“I think the need for it existed at that time, I think now the need for it exists even more,” she said. It’s a basic thing. We all deserve friendship. We all need it.

The stigma around mental health has also changed over the past 50 years. Alvarez said she sees this most in the language society uses to talk about mental health, such as the terms death by suicide and suicide.

“I think we’re becoming more and more aware that when we call someone crazy, it contributes to stigma,” she said.

Visit the Buffalo Museum of Science

Competition mentor Braden Diebel, right, and mentor Ethan Tong at the Buffalo Museum of Science. It’s a great opportunity and I get a lot of joy from it,” Tong said of his friendship with Diebel. Diebel and Tong, at the top, said that each became like the brother they never had.

Photo by Joseph Cooke, Buffalo News

Rival counsel Tong said he didn’t think much about mental health in his life until the Covid-19 pandemic hit. He said the months of isolation have affected his mental health.

Tong plans to apply to medical school after graduation, and during his short time volunteering and working in the healthcare industry, he found that mental health is still a topic that needs more attention.

“It still feels like being discriminated against and taking a back seat,” he said.

The stigma that still exists around a mental health diagnosis can prevent people from seeking the help they need, Alvarez said.

Grant helps Compeer teach mental health first aid to teens

The grant also includes funds to support a mentoring program that promotes positive mental health for students.

When someone is experiencing mental health challenges, she said, sometimes they feel like they’re alone or they’ve done something wrong or no one understands so they’re not getting the help they need. And that’s terrible.

But Alvarez said she sees hope in the younger generation, who are open to discussing counseling and mental health.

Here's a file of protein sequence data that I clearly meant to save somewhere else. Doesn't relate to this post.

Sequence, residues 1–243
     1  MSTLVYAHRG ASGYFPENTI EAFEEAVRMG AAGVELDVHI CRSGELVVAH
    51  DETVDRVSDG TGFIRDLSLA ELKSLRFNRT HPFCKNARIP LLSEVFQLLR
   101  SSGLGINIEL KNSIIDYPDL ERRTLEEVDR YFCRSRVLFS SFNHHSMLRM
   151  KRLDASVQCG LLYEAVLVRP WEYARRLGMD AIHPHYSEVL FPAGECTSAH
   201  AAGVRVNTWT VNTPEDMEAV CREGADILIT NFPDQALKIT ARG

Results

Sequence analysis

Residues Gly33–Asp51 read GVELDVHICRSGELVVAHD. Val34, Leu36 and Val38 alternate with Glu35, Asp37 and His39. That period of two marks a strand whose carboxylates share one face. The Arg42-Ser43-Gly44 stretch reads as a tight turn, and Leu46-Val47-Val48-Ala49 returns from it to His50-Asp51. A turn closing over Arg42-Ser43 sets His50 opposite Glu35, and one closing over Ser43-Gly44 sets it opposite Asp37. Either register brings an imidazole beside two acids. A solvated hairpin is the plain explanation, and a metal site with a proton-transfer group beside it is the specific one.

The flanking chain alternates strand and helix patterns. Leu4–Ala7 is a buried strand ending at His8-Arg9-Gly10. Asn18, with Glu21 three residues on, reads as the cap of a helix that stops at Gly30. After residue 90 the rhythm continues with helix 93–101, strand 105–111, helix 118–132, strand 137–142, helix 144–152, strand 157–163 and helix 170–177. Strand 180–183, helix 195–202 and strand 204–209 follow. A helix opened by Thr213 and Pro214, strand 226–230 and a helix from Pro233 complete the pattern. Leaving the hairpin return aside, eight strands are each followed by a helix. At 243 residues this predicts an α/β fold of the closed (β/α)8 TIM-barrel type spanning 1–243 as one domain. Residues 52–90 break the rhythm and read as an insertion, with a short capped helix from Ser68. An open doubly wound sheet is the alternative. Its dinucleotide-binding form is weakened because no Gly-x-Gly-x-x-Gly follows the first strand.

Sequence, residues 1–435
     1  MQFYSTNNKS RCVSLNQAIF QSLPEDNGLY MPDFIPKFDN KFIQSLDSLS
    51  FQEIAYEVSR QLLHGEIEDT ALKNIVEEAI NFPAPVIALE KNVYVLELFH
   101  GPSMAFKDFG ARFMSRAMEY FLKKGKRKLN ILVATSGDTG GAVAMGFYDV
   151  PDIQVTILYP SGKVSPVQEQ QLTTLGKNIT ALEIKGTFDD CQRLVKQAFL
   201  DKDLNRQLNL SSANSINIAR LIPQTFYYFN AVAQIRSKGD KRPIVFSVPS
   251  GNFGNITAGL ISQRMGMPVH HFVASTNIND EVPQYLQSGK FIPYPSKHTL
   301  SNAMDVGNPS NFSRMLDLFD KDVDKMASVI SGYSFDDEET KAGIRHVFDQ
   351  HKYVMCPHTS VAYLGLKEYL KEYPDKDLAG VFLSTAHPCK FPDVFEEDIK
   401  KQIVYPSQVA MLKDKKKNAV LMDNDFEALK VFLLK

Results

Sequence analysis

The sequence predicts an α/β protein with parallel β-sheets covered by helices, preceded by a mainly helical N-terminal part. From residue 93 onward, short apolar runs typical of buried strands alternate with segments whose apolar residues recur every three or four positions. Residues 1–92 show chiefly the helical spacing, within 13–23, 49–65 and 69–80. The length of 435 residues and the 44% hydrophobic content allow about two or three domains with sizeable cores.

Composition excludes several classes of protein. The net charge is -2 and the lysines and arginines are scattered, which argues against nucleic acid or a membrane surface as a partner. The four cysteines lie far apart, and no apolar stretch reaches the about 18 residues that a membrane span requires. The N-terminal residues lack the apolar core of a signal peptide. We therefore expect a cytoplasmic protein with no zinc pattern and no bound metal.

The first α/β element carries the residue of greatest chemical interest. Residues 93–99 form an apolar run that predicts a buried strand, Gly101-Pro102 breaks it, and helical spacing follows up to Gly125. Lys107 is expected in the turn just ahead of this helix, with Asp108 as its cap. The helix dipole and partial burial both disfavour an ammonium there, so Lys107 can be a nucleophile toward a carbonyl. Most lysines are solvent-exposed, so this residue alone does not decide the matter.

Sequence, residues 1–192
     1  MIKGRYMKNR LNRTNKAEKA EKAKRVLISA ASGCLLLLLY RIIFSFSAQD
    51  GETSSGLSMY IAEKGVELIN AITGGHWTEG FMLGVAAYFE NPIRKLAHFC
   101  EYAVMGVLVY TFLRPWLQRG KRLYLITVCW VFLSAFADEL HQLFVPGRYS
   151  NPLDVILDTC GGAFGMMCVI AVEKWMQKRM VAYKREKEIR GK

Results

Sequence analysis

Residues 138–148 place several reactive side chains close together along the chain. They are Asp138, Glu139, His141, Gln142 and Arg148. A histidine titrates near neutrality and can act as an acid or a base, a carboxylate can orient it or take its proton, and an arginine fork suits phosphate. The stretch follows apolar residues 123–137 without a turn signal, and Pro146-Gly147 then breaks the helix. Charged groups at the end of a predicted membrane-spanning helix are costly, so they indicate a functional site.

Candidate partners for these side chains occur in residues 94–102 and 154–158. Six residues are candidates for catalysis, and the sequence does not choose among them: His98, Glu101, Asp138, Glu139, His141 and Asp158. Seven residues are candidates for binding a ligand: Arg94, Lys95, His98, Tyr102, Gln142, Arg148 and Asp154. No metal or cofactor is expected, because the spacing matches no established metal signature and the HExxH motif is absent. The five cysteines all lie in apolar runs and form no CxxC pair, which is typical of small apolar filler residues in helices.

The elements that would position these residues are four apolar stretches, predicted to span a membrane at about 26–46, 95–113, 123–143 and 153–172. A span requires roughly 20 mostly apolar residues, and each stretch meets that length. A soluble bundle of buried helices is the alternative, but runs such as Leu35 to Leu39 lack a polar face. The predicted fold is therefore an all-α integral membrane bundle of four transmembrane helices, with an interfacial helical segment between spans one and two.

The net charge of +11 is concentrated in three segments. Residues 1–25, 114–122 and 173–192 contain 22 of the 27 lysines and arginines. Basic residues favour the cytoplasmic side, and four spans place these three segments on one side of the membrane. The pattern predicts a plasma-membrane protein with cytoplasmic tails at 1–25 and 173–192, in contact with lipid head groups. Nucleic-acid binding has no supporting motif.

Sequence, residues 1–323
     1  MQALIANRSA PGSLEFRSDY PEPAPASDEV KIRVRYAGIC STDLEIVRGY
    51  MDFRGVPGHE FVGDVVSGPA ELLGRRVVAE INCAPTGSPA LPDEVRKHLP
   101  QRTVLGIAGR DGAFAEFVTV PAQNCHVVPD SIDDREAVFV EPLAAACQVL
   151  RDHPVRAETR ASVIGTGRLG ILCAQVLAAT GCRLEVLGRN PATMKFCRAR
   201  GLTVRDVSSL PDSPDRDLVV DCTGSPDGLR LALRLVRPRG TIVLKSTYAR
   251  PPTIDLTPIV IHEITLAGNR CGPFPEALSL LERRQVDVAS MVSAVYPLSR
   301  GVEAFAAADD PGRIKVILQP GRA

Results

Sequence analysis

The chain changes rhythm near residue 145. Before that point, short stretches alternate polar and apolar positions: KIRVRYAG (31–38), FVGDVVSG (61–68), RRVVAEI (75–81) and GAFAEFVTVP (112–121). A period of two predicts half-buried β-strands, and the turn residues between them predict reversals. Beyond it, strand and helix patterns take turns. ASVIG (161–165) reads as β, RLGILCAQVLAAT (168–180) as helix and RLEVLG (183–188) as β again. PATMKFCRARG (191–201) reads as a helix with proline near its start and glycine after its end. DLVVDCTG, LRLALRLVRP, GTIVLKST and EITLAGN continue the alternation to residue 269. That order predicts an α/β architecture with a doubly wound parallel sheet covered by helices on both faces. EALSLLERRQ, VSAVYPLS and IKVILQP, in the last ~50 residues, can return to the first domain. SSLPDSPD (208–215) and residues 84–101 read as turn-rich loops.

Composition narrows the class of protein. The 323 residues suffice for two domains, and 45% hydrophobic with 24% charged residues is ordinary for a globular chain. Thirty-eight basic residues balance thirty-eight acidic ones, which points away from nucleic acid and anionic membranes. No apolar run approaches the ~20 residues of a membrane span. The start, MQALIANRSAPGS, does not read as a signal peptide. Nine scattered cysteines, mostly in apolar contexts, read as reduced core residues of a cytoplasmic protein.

Their conversations and openness about mental health, I don’t remember anyone talking about that when I was in school,” she said. And it amazed me. This generation needs to teach the older generation how to talk about mental health as freely and comfortably as they do. There was no hesitation and it was beautiful.

You want to volunteer?

Compeer volunteers do not need to have any background in mental health, Alvarez said, but Compeer does provide training in mental health first aid.

All volunteers must be 18 years of age or older, undergo background checks, interviews, and must provide references to ensure the safety of program participants. Compeer serves customers 6 years and older.

The volunteer’s role is to be a friend, Alvarez said. Therefore, they need to be good listeners, be able to show empathy, want to try new things, and be patient.

Diebel was Tong’s first mentor. He learned about Compeer through a friend who was a volunteer with the organization.

Visit the Buffalo Museum of Science

Competition mentor Ethan Tong and mentor Braden Diebel spent time together earlier this month at the Buffalo Museum of Science. Diebel, a sophomore at Buffalo Academy of Visual and Performing Arts, enjoys sharing his love of museums and science with Tong.

Joseph Cooke, Buffalo News

Diebel, 15, said he enjoyed sharing his love of museums and science with Tong. At the same time, Tong also helps Diebel be more active and improve his physical fitness.

“It’s a great opportunity and I’m excited that it can influence and mentor a person and can shape the way they grow,” Tong said.